A group of investors led by construction entrepreneurs Oliver T. Carr Jr. and James Clark is depending on former baseball commissioner Bowie Kuhn to help land a major league team for Washington.
"We and Bowie have agreed that we will be a group," Carr said in the first acknowledgment that Kuhn is aligned with his group. Carr, head of the Oliver T. Carr Construction Co., said the group includes a "minimum of six people" and tentatively plans to conduct a meeting in Washington this week to discuss strategy.
"All of the people who are prospective owners of a (Washington) team have been invited to join our group. Jack Kent Cooke has clearly declined. He preferred to go about it on his own," Carr said. He added that present plans call for no one person to become a majority owner.
Although Carr would not disclose the names of any of the group's other investors, Robert Smith, president of the Charles E. Smith Companies, has been affiliated with the group.
"It seems to us that it's a community effort because we are talking about serving a region -- Virginia, Maryland and D.C," said Carr. "It seems to make sense to have a more diverse group . . . That could ultimately affect the transferability of the team. It would be less likely to be moved."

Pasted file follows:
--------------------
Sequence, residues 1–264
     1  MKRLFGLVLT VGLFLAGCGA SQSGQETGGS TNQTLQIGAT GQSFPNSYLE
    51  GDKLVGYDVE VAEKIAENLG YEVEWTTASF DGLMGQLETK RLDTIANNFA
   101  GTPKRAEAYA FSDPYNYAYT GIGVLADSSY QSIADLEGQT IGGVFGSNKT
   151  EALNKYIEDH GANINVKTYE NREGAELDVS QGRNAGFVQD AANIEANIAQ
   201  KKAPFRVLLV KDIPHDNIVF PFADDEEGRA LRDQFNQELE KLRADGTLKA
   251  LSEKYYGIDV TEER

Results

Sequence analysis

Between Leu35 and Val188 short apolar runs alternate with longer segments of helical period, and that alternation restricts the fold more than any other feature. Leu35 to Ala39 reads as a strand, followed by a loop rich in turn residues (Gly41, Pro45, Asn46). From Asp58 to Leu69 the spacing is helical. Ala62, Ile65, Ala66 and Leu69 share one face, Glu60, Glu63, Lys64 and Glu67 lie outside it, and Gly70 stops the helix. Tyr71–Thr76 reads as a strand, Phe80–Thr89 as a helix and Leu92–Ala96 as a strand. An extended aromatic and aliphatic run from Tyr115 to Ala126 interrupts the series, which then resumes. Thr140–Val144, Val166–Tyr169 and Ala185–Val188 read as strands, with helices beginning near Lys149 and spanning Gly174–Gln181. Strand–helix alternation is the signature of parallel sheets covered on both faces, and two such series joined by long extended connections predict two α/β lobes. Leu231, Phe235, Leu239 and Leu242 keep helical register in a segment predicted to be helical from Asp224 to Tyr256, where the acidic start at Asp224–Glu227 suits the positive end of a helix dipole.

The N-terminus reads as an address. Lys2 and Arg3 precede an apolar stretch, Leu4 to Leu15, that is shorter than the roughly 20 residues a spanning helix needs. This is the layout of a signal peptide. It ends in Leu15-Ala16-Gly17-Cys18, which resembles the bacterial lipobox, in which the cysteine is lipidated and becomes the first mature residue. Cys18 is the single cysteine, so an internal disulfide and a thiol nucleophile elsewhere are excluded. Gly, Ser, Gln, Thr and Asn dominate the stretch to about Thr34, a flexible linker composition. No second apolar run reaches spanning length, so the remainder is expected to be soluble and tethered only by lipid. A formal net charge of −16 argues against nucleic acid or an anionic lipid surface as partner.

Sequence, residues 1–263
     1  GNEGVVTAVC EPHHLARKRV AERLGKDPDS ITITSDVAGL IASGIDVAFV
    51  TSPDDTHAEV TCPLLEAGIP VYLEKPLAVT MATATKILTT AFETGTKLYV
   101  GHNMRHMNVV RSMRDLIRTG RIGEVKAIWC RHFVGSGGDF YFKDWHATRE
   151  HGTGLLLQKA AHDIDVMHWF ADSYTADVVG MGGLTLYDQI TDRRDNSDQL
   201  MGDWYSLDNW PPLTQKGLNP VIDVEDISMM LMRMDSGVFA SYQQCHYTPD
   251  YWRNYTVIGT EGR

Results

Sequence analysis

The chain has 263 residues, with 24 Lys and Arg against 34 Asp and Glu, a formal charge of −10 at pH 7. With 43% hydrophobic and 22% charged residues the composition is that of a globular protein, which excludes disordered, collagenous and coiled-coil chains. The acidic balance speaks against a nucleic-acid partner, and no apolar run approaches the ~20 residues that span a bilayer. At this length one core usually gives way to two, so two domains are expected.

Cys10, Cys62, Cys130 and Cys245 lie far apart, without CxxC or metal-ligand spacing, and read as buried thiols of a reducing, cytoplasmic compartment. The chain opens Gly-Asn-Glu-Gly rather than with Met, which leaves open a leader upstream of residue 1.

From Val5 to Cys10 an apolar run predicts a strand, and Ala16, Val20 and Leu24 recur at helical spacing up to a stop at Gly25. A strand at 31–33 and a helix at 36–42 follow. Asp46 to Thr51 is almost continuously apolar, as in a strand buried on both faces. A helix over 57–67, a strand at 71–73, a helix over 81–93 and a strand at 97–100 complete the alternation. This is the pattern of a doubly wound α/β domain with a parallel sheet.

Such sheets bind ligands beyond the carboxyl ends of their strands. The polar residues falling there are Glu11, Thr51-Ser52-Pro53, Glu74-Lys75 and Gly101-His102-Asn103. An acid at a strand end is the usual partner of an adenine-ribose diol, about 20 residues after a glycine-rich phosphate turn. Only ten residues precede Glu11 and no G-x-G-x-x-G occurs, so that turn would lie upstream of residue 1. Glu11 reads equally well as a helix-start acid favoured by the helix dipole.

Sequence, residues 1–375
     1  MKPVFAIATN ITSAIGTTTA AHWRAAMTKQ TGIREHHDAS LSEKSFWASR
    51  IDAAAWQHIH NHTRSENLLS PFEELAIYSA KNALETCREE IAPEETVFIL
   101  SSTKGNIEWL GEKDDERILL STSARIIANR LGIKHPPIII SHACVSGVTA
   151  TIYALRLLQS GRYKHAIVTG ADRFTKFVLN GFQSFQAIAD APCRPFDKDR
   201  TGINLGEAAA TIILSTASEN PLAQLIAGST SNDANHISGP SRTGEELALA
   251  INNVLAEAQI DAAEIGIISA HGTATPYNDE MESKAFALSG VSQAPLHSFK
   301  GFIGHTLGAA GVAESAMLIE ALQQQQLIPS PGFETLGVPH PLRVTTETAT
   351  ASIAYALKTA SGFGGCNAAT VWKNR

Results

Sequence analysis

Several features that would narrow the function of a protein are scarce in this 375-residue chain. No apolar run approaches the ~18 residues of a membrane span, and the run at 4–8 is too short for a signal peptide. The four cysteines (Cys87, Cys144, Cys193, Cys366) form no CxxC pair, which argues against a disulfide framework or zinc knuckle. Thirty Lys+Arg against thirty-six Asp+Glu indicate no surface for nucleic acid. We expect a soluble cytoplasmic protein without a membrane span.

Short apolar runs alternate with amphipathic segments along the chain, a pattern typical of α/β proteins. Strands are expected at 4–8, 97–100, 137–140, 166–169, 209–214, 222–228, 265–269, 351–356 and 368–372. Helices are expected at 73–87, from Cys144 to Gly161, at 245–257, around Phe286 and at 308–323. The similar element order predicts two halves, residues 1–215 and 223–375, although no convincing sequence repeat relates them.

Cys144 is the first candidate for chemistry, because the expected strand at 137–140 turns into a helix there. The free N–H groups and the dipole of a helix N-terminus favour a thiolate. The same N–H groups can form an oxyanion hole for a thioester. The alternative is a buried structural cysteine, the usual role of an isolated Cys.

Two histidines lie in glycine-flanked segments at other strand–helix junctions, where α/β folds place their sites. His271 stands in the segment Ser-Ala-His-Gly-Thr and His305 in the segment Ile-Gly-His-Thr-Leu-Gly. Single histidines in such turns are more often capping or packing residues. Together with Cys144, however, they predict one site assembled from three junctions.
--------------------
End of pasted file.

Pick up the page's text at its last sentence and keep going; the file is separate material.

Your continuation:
Kuhn, who was unavailable to comment, will serve as the group's spokesman and will carry out much of the group's groundwork and contact with baseball executives, Carr said.
It is uncertain what Kuhn's role would be, if the group secures a major league team. "We'll develop that as the negotiations proceed," Carr said. "It's an unfolding relationship. A lot will be determined if a team develops and on what terms.
"At this time, this group will only become an active group if Bowie is able to secure a team. The individuals will await the result of his activity," Carr said.
Meanwhile, a special meeting on expansion that baseball's long-range planning committee had planned for this week in New York has been postponed. Sources indicated that guidelines for the meeting still are being drawn and that Commissioner Peter Ueberroth wants to focus his attention on the trial in Pittsburgh that involves drug use by major league players.
Morris Siegel, consultant to the D.C. Baseball Commission, said that 9,628 season tickets have been sold to a nonexistent baseball team, meaning that $5,459,076 has been deposited in area banks. The commission hopes to sell 10,000 tickets to show baseball owners that the area possesses strong fan support.
The commission's next big push to gain funding will be a $100-a-plate breakfast on Oct. 1, at 8 a.m. at RFK Stadium.